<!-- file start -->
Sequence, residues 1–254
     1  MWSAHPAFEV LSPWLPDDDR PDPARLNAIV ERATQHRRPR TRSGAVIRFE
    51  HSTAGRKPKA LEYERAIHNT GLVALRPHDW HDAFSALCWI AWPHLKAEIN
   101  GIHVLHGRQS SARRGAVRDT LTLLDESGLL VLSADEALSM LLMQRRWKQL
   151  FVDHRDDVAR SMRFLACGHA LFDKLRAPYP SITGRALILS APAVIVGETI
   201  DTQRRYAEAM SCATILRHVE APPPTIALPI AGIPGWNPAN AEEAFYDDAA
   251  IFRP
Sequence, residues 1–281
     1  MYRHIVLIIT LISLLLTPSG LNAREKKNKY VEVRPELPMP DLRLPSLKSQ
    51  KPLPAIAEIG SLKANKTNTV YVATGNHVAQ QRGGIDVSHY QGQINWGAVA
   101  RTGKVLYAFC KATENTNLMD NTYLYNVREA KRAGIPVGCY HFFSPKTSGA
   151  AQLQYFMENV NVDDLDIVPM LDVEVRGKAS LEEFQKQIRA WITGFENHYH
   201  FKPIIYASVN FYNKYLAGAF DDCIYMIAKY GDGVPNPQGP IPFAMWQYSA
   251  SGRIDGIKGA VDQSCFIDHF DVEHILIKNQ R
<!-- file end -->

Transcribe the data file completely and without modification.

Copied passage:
Sequence, residues 1–254
     1  MWSAHPAFEV LSPWLPDDDR PDPARLNAIV ERATQHRRPR TRSGAVIRFE
    51  HSTAGRKPKA LEYERAIHNT GLVALRPHDW HDAFSALCWI AWPHLKAEIN
   101  GIHVLHGRQS SARRGAVRDT LTLLDESGLL VLSADEALSM LLMQRRWKQL
   151  FVDHRDDVAR SMRFLACGHA LFDKLRAPYP SITGRALILS APAVIVGETI
   201  DTQRRYAEAM SCATILRHVE APPPTIALPI AGIPGWNPAN AEEAFYDDAA
   251  IFRP
Sequence, residues 1–281
     1  MYRHIVLIIT LISLLLTPSG LNAREKKNKY VEVRPELPMP DLRLPSLKSQ
    51  KPLPAIAEIG SLKANKTNTV YVATGNHVAQ QRGGIDVSHY QGQINWGAVA
   101  RTGKVLYAFC KATENTNLMD NTYLYNVREA KRAGIPVGCY HFFSPKTSGA
   151  AQLQYFMENV NVDDLDIVPM LDVEVRGKAS LEEFQKQIRA WITGFENHYH
   201  FKPIIYASVN FYNKYLAGAF DDCIYMIAKY GDGVPNPQGP IPFAMWQYSA
   251  SGRIDGIKGA VDQSCFIDHF DVEHILIKNQ R